Northern Ireland news

Turnout in north for EU referendum tops Stormont poll

Voters arrive at Fortwilliam Presbyterian Church in north Belfast to cast their vote in the EU referendum. Picture by Hugh Russell

TURNOUT across Northern Ireland for Thursday's EU referendum surpassed that of last month's Stormont election.

Fears of widespread apathy among the electorate proved ill-founded with most constituencies topping 60 per cent.

North Down, where turnout is usually relatively low, ranked as one of the higher constituencies, with 67.33 per cent of its electorate casting their vote.

Early indications suggested more people were voting in areas with a unionist majorities. In nationalist-dominated Foyle, close to with the Republic, turnout was comparatively low at 57.18 per cent, just marginally above the 56 per cent who voted in last month's Stormont poll.

The referendum marked the first time since Britain joined the then EEC in 1975 that the electorate had the opportunity to choose whether to remain a member or to leave.

While torrential downpours forced the closure of a number of polling stations in southern England, Northern Ireland enjoyed reasonably good weather, with the rain only arriving sporadically late in the day.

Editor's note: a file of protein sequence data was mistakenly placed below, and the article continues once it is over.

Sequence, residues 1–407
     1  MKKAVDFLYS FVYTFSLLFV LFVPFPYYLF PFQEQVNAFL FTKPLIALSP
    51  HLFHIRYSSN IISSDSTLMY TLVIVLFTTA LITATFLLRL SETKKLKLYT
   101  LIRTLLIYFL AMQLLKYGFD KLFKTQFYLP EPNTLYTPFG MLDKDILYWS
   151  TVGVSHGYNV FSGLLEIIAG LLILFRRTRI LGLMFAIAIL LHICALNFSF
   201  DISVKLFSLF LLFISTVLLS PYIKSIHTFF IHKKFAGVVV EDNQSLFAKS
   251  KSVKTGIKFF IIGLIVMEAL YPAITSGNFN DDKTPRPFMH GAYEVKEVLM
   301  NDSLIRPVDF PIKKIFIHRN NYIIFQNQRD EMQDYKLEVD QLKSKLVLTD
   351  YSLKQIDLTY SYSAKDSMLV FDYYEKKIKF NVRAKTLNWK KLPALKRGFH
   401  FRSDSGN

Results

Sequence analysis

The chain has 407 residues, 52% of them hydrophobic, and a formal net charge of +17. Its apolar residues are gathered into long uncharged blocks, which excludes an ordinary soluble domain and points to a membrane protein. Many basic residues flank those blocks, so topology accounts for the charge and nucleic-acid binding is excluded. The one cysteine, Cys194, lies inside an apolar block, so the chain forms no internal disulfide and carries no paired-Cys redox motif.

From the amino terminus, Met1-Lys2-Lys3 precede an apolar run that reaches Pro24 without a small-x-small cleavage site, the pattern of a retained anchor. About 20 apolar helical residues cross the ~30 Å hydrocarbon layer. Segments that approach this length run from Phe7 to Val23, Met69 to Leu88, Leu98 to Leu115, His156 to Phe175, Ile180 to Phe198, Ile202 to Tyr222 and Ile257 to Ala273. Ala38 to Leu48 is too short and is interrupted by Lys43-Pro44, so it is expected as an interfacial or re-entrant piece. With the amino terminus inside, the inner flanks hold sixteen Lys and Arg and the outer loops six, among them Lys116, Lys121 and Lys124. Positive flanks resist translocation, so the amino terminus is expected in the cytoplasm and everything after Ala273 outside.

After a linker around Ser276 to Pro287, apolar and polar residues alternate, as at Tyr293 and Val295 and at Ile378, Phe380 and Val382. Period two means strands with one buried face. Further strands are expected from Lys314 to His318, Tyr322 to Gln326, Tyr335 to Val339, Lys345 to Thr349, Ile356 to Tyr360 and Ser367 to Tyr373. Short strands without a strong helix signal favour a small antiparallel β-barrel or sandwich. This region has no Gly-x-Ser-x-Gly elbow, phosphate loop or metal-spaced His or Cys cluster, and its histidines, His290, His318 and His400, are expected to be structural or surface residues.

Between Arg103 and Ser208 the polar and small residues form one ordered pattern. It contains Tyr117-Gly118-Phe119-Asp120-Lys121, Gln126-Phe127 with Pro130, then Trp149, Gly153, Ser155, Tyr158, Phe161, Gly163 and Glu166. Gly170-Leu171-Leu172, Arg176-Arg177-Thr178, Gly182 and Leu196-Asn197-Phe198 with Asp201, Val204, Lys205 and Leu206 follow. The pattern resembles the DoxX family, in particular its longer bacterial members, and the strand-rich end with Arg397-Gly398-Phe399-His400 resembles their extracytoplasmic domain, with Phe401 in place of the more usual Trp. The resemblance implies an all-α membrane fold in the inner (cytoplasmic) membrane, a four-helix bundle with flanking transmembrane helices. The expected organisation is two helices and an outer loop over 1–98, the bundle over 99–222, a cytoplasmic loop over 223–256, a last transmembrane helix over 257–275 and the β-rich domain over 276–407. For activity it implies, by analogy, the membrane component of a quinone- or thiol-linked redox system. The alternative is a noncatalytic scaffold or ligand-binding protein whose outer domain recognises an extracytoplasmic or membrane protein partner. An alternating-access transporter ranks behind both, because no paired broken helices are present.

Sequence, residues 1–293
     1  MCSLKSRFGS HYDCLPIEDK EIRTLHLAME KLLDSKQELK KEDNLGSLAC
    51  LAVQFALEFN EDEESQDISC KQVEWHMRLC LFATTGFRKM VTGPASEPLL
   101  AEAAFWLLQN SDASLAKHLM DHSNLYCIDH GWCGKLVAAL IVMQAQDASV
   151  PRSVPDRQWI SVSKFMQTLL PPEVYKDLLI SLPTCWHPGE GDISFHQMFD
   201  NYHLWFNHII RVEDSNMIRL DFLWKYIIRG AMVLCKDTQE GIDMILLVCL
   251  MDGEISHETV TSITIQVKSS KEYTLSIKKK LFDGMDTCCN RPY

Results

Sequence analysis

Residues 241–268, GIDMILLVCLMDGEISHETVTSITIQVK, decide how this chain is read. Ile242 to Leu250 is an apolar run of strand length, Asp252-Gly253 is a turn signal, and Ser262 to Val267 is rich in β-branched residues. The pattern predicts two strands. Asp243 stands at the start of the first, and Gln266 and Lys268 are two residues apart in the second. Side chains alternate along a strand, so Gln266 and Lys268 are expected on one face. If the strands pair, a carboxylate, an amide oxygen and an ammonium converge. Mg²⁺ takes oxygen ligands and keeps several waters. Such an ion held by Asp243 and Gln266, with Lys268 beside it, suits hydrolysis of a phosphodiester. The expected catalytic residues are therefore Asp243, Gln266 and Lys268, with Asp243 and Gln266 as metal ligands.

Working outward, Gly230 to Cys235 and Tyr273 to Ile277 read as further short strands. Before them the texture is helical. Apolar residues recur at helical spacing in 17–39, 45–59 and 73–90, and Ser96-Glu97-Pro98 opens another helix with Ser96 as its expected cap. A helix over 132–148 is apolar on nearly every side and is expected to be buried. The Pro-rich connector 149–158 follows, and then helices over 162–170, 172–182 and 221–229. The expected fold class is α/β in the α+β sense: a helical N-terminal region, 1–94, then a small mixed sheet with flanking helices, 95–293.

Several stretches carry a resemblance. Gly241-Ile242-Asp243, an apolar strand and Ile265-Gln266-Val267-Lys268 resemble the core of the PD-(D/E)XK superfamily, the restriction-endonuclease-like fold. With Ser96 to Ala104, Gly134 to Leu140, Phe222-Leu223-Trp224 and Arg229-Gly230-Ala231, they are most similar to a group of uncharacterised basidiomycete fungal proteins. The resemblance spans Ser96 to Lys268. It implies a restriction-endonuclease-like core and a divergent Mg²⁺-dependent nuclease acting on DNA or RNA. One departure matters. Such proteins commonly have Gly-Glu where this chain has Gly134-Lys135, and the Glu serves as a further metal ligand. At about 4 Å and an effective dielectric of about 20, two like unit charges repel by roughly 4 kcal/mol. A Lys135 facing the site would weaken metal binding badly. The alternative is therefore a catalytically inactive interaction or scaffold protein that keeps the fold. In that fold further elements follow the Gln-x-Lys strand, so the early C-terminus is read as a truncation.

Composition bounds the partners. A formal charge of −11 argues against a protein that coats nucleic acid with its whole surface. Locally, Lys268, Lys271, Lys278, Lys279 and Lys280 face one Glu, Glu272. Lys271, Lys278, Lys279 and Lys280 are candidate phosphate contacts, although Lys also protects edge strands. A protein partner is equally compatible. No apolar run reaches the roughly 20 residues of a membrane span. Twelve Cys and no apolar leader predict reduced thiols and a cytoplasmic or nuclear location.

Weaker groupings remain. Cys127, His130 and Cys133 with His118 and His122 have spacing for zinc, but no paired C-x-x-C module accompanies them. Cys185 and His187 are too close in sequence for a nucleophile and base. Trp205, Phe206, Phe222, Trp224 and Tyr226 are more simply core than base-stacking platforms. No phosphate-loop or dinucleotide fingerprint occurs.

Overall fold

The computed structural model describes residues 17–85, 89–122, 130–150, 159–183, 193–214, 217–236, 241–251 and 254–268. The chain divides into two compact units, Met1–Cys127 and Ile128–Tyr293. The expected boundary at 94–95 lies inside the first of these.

According to the north's chief electoral officer Graham Shields voting was "brisk", with numbers typically surging around teatime and towards 10pm.

Earlier in the day, Stormont First Minister Arlene Foster said she was hopeful of a high turnout.

The DUP leader, who throughout the campaign supported a Brexit, said it was important that those on both sides of the debate made their voices heard.

"I understand there has been a good turn-out in some of the areas where previously there hasn't been so far – so that's good to hear," she said.

The Fermanagh-South Tyrone MLA added: "Everyone has the opportunity to cast their vote today and I hope they take that opportunity, regardless of what that might be, because this is a huge opportunity for all the citizens of the United Kingdom to make their voices heard in terms of the European Union."

Sinn Féin president Gerry Adams, a Remain advocate, had also encouraged people to get out and vote.

"Come out and vote, if you haven't voted there is still time, vote to remain - it's not in Ireland's interests to do anything else," he said.

Verification of ballots at the north's eight count centres, covering the region's 18 parliamentary constituencies, began as the polls closed, with counting commencing soon afterwards.

The Derry count centre made the first declaration with Foyle voting decisively to Remain.

Ahead of the result being declared one leading forecaster was predicting a post-referendum "mini-boom" for UK economy, with some delayed investment decisions likely to go ahead even if the electorate backed a Brexit. However, early results which hinted heavily at a Leave victory prompted the value of Sterling to plummet.

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